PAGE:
DevOpsInstitute is one of the largest online organizations for training high-level ideas and concepts for DevOps. Here they offer to take courses and be certified by specialties that have become relevant in modern realities - from the DevOps leader to the owner of the process (in the Agile methodology). All the freshest for fashionable and advanced IT specialists.
CloudBees - Again CloudBees. Yes, to them I am also particularly located (probably, because Jenkins has not ceased to please every year for its flexibility and thoughtfulness). In addition to related products, CloudBees also conducts certification for Jenkins knowledge and offers to take a paid course in this case, during which students are prepared for successful certification.
Puppet Labs - in addition to free courses, Puppet Labs also offers paid courses with an instructor for deeper immersion in their product. There are several options to choose from with a different orientation: from simple immersion into Puppet for beginners, to targeted courses for practicing engineers and system architects. These courses will be especially useful if you want to get certified for this product.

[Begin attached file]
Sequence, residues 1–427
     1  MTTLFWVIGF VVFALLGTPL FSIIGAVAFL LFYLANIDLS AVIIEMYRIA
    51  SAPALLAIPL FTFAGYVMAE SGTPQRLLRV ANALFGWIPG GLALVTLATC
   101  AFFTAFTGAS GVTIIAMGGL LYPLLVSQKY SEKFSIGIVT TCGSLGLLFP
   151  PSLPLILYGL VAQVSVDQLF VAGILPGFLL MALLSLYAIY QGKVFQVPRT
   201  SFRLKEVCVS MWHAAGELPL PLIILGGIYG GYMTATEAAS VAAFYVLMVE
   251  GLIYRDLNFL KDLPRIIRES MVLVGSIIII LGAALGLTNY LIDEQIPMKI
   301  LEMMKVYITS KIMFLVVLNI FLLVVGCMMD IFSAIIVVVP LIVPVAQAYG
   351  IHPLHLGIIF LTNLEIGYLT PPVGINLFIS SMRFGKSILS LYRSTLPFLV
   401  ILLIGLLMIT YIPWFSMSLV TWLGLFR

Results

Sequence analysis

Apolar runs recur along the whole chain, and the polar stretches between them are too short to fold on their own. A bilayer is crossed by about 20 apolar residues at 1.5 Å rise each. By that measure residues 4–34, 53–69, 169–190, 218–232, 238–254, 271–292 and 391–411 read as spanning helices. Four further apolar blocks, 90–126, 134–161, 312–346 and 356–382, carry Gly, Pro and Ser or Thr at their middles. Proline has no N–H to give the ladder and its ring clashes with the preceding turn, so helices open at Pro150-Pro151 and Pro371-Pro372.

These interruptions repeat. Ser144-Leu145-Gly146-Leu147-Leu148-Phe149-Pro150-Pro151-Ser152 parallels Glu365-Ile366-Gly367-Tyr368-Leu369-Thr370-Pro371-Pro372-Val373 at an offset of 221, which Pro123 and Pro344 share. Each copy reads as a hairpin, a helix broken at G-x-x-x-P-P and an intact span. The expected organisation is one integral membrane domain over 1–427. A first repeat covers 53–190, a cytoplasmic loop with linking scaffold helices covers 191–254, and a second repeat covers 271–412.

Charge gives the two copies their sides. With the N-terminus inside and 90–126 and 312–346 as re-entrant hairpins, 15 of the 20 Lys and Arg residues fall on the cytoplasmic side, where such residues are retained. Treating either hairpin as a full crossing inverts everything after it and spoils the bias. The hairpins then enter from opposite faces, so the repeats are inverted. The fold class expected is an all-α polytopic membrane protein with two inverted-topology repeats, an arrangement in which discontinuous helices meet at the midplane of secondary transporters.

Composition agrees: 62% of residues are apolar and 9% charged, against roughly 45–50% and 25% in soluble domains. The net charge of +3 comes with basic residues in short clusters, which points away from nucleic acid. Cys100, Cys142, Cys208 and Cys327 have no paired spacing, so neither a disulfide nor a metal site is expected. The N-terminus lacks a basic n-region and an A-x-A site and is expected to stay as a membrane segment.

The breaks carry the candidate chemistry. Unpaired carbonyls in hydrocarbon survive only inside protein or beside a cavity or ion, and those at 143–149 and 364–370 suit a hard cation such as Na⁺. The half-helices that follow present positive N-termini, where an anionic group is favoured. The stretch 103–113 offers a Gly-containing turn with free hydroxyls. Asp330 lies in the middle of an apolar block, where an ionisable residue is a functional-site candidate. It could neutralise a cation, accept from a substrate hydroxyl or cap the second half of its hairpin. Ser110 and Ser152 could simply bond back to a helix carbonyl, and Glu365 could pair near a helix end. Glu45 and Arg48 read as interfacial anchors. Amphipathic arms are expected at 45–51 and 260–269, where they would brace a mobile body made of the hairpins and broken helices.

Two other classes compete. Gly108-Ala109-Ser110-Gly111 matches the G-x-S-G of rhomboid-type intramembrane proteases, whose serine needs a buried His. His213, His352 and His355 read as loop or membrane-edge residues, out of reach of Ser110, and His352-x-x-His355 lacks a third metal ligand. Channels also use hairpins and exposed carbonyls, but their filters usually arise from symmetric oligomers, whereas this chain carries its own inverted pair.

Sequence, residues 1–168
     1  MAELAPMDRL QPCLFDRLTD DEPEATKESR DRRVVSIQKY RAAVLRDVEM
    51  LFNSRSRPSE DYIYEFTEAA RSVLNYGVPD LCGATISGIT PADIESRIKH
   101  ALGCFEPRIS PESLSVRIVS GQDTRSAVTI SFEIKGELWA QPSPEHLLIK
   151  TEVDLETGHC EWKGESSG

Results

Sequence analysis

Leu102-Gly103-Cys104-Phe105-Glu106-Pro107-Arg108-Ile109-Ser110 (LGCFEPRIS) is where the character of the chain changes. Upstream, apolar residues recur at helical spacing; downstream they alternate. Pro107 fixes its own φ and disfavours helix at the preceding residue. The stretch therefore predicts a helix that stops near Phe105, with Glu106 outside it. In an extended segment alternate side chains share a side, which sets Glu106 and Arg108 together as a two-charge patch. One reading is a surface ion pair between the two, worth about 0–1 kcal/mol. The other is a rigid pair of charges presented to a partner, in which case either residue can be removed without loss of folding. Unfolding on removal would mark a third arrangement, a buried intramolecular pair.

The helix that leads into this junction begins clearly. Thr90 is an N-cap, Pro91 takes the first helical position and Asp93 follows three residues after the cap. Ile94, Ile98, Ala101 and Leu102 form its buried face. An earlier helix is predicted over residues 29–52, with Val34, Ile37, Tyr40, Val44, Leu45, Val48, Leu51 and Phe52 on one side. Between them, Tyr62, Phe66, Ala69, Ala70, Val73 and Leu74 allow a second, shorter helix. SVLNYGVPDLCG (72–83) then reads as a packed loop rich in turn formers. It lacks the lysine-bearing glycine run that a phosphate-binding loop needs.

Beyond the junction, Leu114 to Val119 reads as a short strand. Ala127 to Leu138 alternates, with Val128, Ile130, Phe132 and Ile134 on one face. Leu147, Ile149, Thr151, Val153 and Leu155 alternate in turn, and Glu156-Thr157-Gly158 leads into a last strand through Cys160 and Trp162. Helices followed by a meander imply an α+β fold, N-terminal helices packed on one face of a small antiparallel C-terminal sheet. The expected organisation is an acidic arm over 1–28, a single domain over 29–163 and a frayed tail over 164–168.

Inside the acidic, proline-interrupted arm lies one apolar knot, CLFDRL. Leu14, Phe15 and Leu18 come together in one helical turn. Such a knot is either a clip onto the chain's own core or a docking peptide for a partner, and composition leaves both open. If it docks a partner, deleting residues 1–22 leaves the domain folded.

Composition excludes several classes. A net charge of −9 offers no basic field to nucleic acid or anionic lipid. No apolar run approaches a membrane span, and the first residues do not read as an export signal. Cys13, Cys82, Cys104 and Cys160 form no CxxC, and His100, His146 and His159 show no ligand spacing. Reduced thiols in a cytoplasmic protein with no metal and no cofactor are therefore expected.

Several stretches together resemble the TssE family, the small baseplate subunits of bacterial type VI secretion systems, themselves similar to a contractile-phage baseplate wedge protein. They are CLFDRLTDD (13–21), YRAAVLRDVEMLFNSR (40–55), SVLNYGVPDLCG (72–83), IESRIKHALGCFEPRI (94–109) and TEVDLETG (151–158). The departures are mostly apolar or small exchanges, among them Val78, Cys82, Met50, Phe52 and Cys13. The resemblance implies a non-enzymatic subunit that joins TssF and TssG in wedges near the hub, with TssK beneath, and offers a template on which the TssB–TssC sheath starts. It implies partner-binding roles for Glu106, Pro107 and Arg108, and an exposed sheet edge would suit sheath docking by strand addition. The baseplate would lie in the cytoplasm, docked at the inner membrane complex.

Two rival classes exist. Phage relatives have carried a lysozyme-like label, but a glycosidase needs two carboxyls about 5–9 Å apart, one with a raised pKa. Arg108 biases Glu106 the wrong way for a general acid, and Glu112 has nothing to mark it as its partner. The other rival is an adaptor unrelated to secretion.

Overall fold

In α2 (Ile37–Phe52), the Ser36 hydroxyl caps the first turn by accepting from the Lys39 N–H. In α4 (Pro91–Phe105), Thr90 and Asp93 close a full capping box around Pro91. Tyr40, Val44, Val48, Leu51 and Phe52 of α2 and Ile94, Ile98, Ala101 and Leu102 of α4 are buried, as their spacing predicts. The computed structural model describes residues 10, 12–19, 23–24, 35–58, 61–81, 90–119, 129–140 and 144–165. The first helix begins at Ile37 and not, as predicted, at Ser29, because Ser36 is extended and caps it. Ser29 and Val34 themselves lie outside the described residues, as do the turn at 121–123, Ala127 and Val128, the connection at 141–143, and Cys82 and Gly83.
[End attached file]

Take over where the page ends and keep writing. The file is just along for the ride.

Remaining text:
Chef - Learn Chef Rally is only part of the training program Chef offers. In addition to independent online courses, there is also the opportunity to get online training with an instructor, personal training with a trainer in one of the accredited centers, as well as private training in any place convenient for the listener. In addition to this, by itself, certification is carried out.
Edureka is a portal that specializes in learning various fashion trends in IT, such as big data technologies and cloud computing. There are not very many courses, but all are quite relevant: Docker, Kubernetes, Git and DevOps in general. Most come with certification, which is always nice.
That's all. I wish you all the curiosity, motivation for self-development and success in this interesting lesson!